The long-range behavior of the exact exchange operator is less problematic, at least in insulators, due to the rapid decay of the one-particle density matrix. Therefore, it is reasonable to assume that the use of purely local density fitting would be a viable strategy even in periodic systems. Here, we extend our previous efforts56,57 on fast strongly local density fitting for exchange operator construction in molecules to the periodic setting. By strong locality, we mean that the fitting space for the product μ1μ2 is composed only of the fitting basis functions on the same atoms as μi; we dub such a local DF approximation concentric atomic DF. The idea of CADF-like fitting goes back to the work of Baerends and co-workers64 who used it to fit atomic components of the one-particle density. Recently, the concentric fitting approach, referred to as pair atomic resolution of the identity (PARI), was investigated by Merlot et al.58 in the context of Coulomb fitting; the authors were the first to point out the violation of positivity by the robust PARI approximant that led to catastrophic failures. Hollman and co-workers56 showed that the accuracy of the CADF could be dramatically improved and the nonpositivity artifacts could be partially alleviated by combining the CADF approximation for most integrals with the exact evaluation of four-center integrals, dubbed semiexact CADF (seCADF),56 as well as developed a rigorously screened linear scaling version of the CADF exact exchange builder.57 Manzer et al.59 demonstrated that the nonpositivity violations do not occur when robust PARI is only used for the exchange operator.

The above applications of CADF/PARI in molecular context were recently mirrored in the molecular21and periodic34 setting by Scheffler and co-workers using the non-Gaussian LCAO representation based on numeric atomic orbitals that have strictly local support. Unlike the earlier Gaussian-based robust CADF efforts, the use of the nonrobust local RI approach for fitting numerical AO products causes the need for the construction of high-quality fitting basis sets with improved accuracy.21 Application of robust CADF to the exact exchange construction in periodic systems has not yet been accomplished to the best of our knowledge in Gaussian or non-Gaussian LCAO representations; hence, this is the primary objective of this work.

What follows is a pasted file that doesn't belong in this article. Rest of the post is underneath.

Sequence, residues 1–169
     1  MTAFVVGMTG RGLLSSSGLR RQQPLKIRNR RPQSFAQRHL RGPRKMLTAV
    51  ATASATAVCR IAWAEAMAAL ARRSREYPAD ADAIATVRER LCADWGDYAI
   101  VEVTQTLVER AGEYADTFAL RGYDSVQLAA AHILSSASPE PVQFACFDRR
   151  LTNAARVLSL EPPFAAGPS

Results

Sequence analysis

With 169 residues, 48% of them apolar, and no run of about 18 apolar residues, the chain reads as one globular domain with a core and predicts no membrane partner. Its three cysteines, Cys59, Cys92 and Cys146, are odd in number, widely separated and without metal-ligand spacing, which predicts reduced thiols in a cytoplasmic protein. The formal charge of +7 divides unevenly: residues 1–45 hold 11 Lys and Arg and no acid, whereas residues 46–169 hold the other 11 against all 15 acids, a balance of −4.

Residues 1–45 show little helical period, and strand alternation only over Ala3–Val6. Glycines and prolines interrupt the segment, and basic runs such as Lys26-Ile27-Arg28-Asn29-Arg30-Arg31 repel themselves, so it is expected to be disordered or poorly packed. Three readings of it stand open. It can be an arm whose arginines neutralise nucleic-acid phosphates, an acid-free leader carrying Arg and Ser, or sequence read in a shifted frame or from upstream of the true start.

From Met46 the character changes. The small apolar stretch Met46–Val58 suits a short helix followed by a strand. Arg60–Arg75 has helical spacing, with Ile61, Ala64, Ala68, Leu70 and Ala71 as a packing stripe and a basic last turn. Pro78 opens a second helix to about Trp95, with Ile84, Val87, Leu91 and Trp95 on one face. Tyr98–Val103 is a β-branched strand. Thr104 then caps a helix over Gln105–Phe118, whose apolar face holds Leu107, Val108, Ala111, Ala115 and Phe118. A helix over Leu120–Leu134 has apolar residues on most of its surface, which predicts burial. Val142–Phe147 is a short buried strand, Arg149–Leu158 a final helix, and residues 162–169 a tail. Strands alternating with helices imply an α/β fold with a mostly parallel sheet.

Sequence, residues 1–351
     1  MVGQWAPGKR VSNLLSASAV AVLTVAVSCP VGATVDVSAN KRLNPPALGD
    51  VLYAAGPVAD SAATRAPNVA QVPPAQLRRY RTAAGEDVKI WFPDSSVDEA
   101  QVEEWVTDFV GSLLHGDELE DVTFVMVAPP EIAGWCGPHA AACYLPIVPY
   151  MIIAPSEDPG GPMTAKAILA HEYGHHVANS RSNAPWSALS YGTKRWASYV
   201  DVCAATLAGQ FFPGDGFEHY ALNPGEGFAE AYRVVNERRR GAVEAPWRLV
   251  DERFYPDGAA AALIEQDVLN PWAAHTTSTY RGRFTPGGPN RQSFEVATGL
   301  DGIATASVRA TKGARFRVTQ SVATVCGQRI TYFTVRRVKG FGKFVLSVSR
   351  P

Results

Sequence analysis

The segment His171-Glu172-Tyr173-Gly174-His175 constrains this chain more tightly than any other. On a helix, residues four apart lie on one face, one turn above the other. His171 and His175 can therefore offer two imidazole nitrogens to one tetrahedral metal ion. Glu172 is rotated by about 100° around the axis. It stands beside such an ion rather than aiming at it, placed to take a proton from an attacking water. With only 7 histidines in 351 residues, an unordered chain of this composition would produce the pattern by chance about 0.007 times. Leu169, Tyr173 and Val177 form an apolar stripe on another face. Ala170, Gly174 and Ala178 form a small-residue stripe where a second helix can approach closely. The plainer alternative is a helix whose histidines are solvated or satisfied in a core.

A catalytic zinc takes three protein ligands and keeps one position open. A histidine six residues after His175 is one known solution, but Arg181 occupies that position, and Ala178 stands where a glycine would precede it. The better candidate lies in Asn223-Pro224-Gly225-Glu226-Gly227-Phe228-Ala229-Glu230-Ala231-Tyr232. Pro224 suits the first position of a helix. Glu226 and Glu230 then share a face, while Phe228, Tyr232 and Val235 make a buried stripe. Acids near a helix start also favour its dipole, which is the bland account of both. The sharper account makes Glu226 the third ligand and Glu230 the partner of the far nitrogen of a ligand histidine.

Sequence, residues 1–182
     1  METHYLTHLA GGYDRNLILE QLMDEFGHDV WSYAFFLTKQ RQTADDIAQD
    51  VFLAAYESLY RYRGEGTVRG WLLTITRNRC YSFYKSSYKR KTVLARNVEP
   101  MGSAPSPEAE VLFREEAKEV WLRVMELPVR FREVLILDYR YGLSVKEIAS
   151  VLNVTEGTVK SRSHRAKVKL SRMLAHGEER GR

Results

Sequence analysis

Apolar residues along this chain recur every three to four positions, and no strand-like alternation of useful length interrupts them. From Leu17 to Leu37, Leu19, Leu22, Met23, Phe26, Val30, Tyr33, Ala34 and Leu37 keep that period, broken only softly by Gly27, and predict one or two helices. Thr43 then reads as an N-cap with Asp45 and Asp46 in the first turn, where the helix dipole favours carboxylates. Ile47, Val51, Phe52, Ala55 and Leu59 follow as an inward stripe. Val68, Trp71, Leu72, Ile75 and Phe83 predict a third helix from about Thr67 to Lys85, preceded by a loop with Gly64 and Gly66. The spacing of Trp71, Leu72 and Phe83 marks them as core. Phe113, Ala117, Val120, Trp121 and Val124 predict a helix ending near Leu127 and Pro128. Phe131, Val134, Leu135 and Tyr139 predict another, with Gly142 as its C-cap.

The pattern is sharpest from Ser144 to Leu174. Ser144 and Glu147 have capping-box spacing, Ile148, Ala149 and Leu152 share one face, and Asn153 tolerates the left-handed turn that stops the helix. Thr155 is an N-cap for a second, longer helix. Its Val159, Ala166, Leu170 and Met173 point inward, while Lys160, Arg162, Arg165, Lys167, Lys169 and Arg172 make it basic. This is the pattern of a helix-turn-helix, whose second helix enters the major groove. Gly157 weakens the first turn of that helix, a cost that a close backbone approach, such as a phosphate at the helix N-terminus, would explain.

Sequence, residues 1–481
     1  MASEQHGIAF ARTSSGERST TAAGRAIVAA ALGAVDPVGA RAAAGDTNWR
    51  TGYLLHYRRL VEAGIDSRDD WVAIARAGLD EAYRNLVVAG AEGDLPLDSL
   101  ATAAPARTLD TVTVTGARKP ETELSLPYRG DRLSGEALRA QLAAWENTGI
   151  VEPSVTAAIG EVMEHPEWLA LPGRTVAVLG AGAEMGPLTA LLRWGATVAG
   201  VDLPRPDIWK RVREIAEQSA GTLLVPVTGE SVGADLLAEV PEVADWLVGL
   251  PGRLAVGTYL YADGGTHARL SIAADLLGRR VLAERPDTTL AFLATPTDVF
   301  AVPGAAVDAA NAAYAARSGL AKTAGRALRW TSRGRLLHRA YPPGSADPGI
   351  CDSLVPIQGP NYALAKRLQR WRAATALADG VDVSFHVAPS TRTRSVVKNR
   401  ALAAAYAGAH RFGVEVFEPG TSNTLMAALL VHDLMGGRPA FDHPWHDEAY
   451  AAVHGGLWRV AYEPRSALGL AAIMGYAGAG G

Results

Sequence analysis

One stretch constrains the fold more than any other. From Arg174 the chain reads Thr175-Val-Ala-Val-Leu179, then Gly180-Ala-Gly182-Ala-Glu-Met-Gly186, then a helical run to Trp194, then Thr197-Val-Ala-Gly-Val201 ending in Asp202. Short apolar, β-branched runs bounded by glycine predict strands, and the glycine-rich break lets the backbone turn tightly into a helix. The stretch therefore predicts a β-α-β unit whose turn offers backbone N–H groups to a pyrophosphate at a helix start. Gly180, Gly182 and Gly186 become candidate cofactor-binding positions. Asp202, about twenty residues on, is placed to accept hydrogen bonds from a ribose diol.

The periodic Hartree–Fock procedure implemented in the current work is rather standard and can be found in the literature since the 1980s.44,45,92,93 The Hartree–Fock crystalline orbitals (COs) in the LCAO framework are expanded,

ψi,k(r)=μCμ,kiϕμ,k(r),
(6)

in terms of Bloch AOs, which, in turn, are translation-symmetry-adapted linear combinations of the AOs,

ϕμ,k(r)ReikRχμ(rR).
(7)

The CO coefficients Cμ,ki in this work are determined by solving the canonical Hartree–Fock equations projected on the AOs in the reference cell,

FkCk=SkCkϵk,
(8)

where Fk, Sk, and ϵk are the Fock matrix, overlap matrix, and CO (band) energies, respectively. In this work, these equations were solved for a uniform grid of k points in the first Brillouin zone, without exploiting any additional symmetries. The Fock matrix in Eq. (8) is a linear combination of conventional AO (direct space) Fock matrices,